A Texas historian friend of mine, Stephen L. Hardin, told me a story the other day about a dog and a plot of land. During the American migration into Mexican Texas, an immigrant came to Texas with his dog and ran into a Tejano from the Nacogdoches area.
The dog was apparently such a wonderful specimen that the Tejano inquired if he could buy it. The immigrant said he would sell it for $100 (about $3,000 today), proving his affinity for his pet. The Tejano stated he didn’t have that kind of money, but would be willing to part with a large tract of land in exchange.
The exchange commenced immediately. The immigrant was provided the deed for about 17,000 acres, and the Tejano had procured a new best friend. This story proves two things: There was plenty of land to go around in Texas in the early 1800s, and it’s hard to put a price tag on a good dog.
Growing up, I always had a dog. The first dog I had was a Chow mix named Goliath. He lived up to his name. He was a big dog that legitimized the phrase “Beware of Dog.” He died during my senior year of high school. Early that morning, we found him lying peacefully on the grass. He had simply fallen asleep and didn’t wake up.
I remember burying him in the backyard that morning. After coming back from school and having dinner with my family, I went to the backyard and stood for a while thinking about Goliath. I thought about the amount of time I had spent with him, or the lack thereof. I made a promise to him that night. I promised that the next dog I had I would treat like man’s best friend.
About six months later, a friend had a Labrador-mix she couldn’t keep. It was about six months old and already house-trained. Her name was Jasmine and though she started out as the family dog, she eventually became mine. After college, she lived with me.
When I began my career in sports journalism, Jasmine would come with me to the outdoor games. The softball teams loved her as their quasi-mascot. I would bring her to the office and she would stay near my desk while I wrote or made calls.
We practically went everywhere together. Living in Houston, the surfing scene is less than stellar, and rare are the moments when surfing is worth doing. Even rarer were friends who were interested in surfing. Jasmine was my surfing partner. She would stay near the cooler and chair until I returned from the water. We went on trips together, even venturing as far as Fort Collins, Colorado. (I became a loyal fan of the New Belgium Brewery because they were so welcoming of my dog.)
Jasmine was the epitome of the term “man’s best friend.” I had her for 14 years, but then age caught up with her and she passed. It was interesting to me how much it affected me. I was sad when Goliath died, but I was heartbroken when Jasmine died. Perhaps it was because we spent so much time together, or maybe it was because she was such a good dog.
I remember a friend reaching out shortly after Jasmine died about a dog that needed a home. I honestly wasn’t ready for another dog. Not to be melodramatic, but it was too soon; I think dog owners understand the sentiment.
It was a number of months later, while hosting a Christmas party, that a friend asked if I was considering getting another dog. I said I was considering it, and added that I had always wanted a Siberian Husky. I have always been a Jack London fan, and after reading “The Call of the Wild” as a child, I had wanted a Husky. (I know Buck is not a Husky.)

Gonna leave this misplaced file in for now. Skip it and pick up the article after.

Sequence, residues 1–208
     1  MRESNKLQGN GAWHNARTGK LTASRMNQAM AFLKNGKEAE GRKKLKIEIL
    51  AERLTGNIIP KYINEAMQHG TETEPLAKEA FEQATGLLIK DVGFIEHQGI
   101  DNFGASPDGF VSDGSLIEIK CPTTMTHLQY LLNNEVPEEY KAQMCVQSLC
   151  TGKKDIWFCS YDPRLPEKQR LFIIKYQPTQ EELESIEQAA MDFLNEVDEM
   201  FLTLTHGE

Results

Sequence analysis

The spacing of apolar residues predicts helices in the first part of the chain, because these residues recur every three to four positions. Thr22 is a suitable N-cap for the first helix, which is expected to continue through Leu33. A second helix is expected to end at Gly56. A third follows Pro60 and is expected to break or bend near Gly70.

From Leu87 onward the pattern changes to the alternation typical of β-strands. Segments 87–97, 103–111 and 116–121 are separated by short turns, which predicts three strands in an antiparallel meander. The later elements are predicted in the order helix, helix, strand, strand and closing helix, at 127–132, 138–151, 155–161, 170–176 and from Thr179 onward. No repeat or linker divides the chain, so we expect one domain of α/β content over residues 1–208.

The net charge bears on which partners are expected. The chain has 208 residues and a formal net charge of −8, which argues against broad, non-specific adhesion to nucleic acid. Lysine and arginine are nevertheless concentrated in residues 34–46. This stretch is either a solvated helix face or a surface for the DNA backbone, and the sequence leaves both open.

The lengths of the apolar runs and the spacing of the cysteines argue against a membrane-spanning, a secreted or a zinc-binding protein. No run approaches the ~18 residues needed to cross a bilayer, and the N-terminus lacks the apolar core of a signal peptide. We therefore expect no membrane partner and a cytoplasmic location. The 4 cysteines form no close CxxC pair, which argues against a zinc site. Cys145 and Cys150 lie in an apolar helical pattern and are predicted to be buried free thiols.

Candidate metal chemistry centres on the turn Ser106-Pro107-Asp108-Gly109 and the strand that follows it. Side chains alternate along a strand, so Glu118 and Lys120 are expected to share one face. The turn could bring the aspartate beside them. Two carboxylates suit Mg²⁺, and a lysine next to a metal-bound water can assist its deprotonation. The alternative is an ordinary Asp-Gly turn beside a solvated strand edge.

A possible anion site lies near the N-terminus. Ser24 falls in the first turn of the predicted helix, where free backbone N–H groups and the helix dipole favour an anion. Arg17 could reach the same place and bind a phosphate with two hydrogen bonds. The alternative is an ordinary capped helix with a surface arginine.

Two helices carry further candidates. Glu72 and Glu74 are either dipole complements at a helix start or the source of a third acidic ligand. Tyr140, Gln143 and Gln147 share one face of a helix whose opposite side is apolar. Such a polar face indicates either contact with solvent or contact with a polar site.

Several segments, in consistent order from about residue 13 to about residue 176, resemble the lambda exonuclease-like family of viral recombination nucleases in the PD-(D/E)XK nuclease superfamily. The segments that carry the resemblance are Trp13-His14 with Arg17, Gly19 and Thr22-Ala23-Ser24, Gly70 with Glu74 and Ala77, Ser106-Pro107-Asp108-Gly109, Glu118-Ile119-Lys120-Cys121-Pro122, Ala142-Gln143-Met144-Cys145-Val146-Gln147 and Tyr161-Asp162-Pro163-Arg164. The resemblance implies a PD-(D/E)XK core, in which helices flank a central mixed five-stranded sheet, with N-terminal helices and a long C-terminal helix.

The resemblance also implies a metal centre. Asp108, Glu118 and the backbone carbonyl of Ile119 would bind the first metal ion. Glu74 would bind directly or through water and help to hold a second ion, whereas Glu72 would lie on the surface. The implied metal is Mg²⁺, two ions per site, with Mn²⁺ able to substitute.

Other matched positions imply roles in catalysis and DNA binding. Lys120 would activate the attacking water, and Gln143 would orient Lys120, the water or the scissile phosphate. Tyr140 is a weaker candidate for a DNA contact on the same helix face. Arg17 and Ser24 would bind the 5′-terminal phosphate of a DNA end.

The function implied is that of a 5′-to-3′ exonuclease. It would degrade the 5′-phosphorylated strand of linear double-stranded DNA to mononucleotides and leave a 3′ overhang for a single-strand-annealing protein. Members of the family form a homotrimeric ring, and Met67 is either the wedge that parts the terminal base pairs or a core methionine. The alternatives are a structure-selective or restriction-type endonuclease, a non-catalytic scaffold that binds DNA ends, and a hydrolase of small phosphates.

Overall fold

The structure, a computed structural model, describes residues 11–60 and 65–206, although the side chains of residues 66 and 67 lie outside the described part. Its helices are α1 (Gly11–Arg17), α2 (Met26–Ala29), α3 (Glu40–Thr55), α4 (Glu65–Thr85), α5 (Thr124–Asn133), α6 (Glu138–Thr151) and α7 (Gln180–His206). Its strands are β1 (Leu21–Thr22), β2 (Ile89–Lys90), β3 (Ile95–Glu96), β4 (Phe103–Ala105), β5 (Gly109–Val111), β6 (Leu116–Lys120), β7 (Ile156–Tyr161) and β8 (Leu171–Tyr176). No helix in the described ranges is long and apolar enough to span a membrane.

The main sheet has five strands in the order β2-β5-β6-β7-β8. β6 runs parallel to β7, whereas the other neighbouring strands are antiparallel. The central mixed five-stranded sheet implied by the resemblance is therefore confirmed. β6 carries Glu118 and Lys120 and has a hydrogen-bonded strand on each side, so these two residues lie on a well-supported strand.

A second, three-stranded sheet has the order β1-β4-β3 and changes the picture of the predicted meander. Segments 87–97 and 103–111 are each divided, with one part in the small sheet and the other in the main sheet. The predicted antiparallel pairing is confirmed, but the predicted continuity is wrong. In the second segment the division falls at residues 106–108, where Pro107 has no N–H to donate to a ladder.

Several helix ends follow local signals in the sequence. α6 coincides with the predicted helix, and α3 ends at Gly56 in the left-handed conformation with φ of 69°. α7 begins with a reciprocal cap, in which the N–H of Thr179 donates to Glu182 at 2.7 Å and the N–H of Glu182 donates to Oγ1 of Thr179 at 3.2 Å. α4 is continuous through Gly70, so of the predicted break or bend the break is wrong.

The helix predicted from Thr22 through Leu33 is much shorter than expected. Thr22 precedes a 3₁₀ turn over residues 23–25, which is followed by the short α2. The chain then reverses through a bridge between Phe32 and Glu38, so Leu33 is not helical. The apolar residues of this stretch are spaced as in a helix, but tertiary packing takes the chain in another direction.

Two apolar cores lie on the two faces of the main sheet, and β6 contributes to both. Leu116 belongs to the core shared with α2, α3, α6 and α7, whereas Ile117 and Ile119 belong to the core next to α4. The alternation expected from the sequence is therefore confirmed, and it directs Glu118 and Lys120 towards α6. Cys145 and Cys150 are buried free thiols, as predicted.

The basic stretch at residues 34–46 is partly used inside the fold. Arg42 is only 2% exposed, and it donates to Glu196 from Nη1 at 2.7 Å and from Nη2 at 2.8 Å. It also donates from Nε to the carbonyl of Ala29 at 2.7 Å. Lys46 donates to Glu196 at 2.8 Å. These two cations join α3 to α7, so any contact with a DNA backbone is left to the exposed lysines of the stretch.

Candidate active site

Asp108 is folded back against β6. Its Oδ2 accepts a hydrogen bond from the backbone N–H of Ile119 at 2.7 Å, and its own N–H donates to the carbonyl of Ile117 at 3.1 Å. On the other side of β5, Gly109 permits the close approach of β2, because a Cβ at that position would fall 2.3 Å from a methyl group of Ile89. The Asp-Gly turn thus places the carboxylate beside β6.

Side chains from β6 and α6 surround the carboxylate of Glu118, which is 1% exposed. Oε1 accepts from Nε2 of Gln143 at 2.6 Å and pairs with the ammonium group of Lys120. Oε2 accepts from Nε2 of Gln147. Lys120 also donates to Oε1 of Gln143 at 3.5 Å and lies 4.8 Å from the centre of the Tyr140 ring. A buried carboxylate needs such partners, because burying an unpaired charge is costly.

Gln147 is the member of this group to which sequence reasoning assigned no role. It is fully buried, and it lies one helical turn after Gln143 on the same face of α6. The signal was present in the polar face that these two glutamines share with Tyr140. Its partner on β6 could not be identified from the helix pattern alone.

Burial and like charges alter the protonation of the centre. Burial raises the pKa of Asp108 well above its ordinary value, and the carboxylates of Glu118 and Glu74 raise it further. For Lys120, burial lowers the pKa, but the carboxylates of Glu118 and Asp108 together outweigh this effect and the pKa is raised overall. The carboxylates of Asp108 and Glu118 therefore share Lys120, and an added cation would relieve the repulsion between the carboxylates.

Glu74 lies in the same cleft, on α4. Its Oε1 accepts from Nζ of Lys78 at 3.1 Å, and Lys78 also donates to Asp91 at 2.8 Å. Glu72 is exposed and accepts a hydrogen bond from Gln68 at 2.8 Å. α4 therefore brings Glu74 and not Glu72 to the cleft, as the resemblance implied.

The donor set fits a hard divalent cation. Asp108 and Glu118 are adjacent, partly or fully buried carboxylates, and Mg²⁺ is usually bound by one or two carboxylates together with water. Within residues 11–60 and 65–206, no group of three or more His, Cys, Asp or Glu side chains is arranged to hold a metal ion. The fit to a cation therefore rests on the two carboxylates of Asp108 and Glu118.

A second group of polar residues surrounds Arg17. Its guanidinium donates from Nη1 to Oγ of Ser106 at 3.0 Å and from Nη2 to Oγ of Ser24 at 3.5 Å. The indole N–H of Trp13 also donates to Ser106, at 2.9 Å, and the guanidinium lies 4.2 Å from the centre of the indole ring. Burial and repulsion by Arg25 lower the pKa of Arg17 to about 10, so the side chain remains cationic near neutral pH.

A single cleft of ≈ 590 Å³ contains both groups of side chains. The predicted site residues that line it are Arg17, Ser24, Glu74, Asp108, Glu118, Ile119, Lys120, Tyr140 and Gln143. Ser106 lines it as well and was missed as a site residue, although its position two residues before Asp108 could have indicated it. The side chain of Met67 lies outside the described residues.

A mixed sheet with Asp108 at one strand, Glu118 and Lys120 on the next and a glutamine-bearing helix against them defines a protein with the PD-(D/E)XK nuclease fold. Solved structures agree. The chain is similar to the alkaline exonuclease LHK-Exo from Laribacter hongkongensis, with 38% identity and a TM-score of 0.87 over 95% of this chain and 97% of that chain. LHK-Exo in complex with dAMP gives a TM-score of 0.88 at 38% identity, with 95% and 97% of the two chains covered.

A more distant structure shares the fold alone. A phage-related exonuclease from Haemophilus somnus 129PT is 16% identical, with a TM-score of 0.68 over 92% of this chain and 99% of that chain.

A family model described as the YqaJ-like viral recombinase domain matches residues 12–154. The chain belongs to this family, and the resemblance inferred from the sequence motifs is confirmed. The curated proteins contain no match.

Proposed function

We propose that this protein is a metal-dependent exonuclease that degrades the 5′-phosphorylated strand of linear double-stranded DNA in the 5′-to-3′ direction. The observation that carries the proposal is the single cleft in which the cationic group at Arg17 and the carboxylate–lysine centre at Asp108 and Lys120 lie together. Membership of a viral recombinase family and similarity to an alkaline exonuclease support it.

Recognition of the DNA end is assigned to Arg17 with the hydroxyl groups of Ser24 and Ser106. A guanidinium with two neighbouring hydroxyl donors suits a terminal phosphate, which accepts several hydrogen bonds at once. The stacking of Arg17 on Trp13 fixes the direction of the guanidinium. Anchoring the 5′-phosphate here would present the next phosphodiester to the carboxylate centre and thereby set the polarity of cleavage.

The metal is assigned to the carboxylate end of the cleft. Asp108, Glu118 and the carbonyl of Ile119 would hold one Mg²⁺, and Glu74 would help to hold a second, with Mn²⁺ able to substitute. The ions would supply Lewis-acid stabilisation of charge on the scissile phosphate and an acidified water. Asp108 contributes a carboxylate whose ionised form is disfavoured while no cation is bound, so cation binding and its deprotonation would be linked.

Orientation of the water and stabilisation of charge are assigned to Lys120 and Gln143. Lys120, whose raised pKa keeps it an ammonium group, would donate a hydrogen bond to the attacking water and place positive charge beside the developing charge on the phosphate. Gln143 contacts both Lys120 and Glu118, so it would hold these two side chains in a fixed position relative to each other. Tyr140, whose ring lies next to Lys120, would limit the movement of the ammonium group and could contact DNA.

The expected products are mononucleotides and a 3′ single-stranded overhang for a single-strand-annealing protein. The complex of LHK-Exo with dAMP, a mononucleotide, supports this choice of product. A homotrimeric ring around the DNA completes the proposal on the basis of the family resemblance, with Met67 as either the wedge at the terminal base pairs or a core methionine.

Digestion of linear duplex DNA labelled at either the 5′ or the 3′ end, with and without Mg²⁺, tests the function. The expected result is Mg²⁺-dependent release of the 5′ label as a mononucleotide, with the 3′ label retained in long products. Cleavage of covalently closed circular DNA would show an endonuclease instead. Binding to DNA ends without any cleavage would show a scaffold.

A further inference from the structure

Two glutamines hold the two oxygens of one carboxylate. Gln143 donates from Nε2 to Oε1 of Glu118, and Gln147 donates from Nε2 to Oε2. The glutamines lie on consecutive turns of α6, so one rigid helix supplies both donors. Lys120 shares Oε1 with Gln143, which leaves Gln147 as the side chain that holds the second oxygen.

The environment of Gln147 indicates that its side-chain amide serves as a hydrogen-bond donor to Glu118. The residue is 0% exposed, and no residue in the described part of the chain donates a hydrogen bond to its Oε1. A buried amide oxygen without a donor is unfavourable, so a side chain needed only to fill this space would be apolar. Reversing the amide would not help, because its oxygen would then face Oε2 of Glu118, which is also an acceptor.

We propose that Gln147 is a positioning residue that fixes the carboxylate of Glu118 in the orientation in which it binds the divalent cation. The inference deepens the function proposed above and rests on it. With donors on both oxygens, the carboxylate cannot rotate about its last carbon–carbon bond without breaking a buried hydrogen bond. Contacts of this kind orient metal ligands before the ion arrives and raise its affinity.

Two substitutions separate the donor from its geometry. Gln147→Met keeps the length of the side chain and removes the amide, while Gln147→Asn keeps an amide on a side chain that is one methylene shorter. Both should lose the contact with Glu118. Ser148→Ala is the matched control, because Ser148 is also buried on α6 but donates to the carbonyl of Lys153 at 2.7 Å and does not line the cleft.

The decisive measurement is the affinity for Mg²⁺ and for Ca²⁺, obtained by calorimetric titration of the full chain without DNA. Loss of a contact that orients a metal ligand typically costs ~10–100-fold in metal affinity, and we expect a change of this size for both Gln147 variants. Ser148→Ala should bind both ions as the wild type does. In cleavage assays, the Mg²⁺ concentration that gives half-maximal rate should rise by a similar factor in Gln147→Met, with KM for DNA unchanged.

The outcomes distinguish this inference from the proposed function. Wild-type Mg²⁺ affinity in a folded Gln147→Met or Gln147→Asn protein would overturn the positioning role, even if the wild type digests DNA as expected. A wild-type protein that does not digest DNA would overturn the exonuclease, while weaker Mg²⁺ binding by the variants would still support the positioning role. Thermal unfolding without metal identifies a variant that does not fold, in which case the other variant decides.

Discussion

A few days later, by some kind of fate, a friend texted me a photo of a Golden Husky asking if I was interested. Strangely, she had been at the party but hadn’t overheard my comment. The Husky had been found wandering near some train tracks in a small town. Of course, I wanted the dog.
He was already at a mature age, probably around 6 or 7—but he wasn’t mature. He didn’t listen that well, and it took about four months to train him not to pee in the house, get on the couch or the bed, or wander off (he was an escape artist). In fact, I was very close to giving away my first Husky. After the fourth month, we became very close. Fittingly, I named him Jack.
Jack was full of energy and always ready to play. He loved going for walks, despite the Texas heat. He always tried to talk (Husky owners can relate). Our time together, however, was cut short. He had developed a brain tumor and had to be put to sleep. It was a brutal way to go out. I still remember that day vividly.
I vividly remember all three days I lost those three dogs.
Shortly after Jack died, my brother asked why I would want another dog after having to deal with all that heartache. It was true that losing a dog caused a lot of grief. I shed a lot of tears, in particular after Jasmine. But I told him that the time I had with those dogs outweighed the short time I had to endure losing them.
The benefits far outweigh the negatives. You have a constant companion, one that is always happy to see you. A dog can help keep you active with walks and other activities. And something else I’ve noticed about having a dog: It helps you get to know your neighbors. There is just something about a dog that makes your life better.
That’s why I recently got another dog. Madison is a Lab-Catahoula mix and is now about 6 months old. It had been a few years since Jack, but it was simply time to get a dog. I think people who want a dog, but feel they wouldn’t know what to do with one, should get one anyway. You don’t have to know what to do with a dog. Somehow, the dog figures that out for you.
In a time where so many people have found themselves lonely or lethargic due to the pandemic, getting a dog seems like the proper choice, almost the logical one. The dog you get may not be worth 17,000 acres of land, but then again it’s hard to put a price tag on a good dog.